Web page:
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Identity and Loyalty in the David Story: A Postcolonial Reading

Published: Oct 2008
£40.00
In this volume, Uriah Kim examines King David in a new light — the politics of identity and loyalty. He reads the David story from the North American context, in which millions of Americans are compelled to make a choice between their multiple heritages, which are inseparably encoded in their genetic or cultural makeup. In making this choice, their loyalty to their nation and to their particular racial/ethnic community is questioned if they do not define themselves with a single identity. Kim sees a David who was radically inclusive: an egalitarian who was open to making connections with people across various boundaries and differences and who was thus able to build a multi-ethnic kingdom. Rather than basing his rule on his own tribal identity, David built his kingdom by attracting the loyalty of diverse constituents and by putting together an eclectic coalition of ethnic, tribal, and religious groups based on loyalty. It was only later, as part of the identity formation of ancient Israel, that people who were equally part of David's hybridized kingdom were separated into 'real' Israelites as opposed to 'the other' in the narrative. In this reading, Kim leads the reader to a new understanding of David: he did not just use Realpolitik and the sword, nor did he depend totally on God's providence to establish his kingdom; rather, he practised the transgressive power of hesed ('loyalty and kindness') to forge his kingdom.
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Identity and Loyalty in the David Story: A Postcolonial Reading

£40.00
In this volume, Uriah Kim examines King David in a new light — the politics of identity and loyalty. He reads the David story from the North American context, in which millions of Americans are compelled to make a choice between their multiple heritages, which are inseparably encoded in their genetic or cultural makeup. In making this choice, their loyalty to their nation and to their particular racial/ethnic community is questioned if they do not define themselves with a single identity. Kim sees a David who was radically inclusive: an egalitarian who was open to making connections with people across various boundaries and differences and who was thus able to build a multi-ethnic kingdom. Rather than basing his rule on his own tribal identity, David built his kingdom by attracting the loyalty of diverse constituents and by putting together an eclectic coalition of ethnic, tribal, and religious groups based on loyalty. It was only later, as part of the identity formation of ancient Israel, that people who were equally part of David's hybridized kingdom were separated into 'real' Israelites as opposed to 'the other' in the narrative. In this reading, Kim leads the reader to a new understanding of David: he did not just use Realpolitik and the sword, nor did he depend totally on God's providence to establish his kingdom; rather, he practised the transgressive power of hesed ('loyalty and kindness') to forge his kingdom.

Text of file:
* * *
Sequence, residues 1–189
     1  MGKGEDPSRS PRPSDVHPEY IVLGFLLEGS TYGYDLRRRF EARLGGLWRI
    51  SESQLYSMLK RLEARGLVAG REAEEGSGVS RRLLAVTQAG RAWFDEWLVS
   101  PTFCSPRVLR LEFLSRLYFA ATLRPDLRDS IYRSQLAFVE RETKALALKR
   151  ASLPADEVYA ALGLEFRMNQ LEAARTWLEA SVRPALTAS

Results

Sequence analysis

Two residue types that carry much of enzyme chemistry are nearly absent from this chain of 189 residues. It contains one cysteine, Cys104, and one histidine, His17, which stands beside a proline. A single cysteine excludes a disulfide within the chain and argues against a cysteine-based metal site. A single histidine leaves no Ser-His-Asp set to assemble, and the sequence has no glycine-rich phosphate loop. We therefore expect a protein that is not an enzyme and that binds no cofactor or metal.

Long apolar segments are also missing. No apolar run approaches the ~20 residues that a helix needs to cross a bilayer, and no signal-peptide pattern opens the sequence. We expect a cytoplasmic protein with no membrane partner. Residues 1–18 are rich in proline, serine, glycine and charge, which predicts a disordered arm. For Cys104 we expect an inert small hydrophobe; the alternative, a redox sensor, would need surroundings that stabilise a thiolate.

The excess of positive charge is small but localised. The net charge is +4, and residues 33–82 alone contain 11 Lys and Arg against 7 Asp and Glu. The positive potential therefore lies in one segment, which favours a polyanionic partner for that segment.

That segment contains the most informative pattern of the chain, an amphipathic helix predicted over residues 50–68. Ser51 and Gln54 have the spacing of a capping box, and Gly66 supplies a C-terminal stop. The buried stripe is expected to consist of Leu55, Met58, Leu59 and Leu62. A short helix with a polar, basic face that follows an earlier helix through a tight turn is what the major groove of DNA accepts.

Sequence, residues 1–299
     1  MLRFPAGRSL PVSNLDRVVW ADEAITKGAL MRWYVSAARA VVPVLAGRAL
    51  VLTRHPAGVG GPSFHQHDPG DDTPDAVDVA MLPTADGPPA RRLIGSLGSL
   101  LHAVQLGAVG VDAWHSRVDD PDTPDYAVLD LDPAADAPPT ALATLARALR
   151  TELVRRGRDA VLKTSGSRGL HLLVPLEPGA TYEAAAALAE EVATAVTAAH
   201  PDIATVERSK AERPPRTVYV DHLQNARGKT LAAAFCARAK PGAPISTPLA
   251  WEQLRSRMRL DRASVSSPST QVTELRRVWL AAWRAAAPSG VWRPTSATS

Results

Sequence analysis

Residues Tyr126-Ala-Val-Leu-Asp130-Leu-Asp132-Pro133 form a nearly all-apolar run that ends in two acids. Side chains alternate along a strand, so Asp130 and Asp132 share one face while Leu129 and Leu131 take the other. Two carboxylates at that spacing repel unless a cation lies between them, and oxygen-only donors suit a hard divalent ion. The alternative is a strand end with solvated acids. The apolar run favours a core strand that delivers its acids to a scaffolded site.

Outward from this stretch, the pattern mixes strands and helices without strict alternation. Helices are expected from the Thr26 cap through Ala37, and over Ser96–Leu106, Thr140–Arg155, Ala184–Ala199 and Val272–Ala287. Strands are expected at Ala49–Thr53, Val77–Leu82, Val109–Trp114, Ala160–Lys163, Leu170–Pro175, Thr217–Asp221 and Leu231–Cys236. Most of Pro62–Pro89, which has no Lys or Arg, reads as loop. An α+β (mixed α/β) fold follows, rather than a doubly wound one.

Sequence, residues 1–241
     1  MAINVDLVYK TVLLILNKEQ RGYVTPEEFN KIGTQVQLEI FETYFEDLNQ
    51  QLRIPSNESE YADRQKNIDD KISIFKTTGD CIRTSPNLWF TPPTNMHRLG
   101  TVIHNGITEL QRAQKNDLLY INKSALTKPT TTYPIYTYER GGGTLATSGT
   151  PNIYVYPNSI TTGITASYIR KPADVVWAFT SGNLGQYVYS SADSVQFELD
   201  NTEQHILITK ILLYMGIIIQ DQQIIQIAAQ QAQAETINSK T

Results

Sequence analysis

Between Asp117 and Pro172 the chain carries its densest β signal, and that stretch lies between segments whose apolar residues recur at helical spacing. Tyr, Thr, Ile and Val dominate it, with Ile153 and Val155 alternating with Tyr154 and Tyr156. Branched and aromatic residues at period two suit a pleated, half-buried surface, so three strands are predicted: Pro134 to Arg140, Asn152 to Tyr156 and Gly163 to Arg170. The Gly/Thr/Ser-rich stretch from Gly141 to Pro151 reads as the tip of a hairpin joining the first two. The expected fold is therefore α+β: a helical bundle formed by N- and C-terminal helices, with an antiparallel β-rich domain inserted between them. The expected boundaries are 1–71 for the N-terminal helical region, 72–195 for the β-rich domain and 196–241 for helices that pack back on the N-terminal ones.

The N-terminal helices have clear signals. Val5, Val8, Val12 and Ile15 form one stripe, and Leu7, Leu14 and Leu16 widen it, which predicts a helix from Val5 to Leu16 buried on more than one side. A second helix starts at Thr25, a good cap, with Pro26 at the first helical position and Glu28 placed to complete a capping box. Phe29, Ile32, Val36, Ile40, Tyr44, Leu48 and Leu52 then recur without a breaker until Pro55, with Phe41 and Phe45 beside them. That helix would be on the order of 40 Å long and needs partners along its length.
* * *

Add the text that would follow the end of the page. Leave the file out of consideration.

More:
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Longing for Egypt and Other Unexpected Biblical Tales

Published: Aug 2008
£50.00
Readers of all persuasions have a tendency to privilege simple interpretations over complex, unsettling, readings. The more fraught the issue, the more often we find in the history of interpretation that a simple reading has been generated that masks its complexity. 'Longing for Egypt and Other Unexpected Biblical Tales' explores seven cases of textual complexity masked by simple readings. One chapter uncovers a counter-intuitive longing for Egypt alongside the Exodus account of liberation from persecution. Another shows how what appears to be a critical attitude in the Bible towards other gods may reflect inner-Israelite tensions rather than some principled antipathy toward others. Yet another confronts the praise of God as a perfect king with the use of the language of divine kingship as a vehicle for constructive criticism. All seven chapters share a focus on the formation of identity. Arguably the Bible's most sensitive subject, for its authors and for present-day readers, this topic has generated a host of simple readings that conceal immense complexity.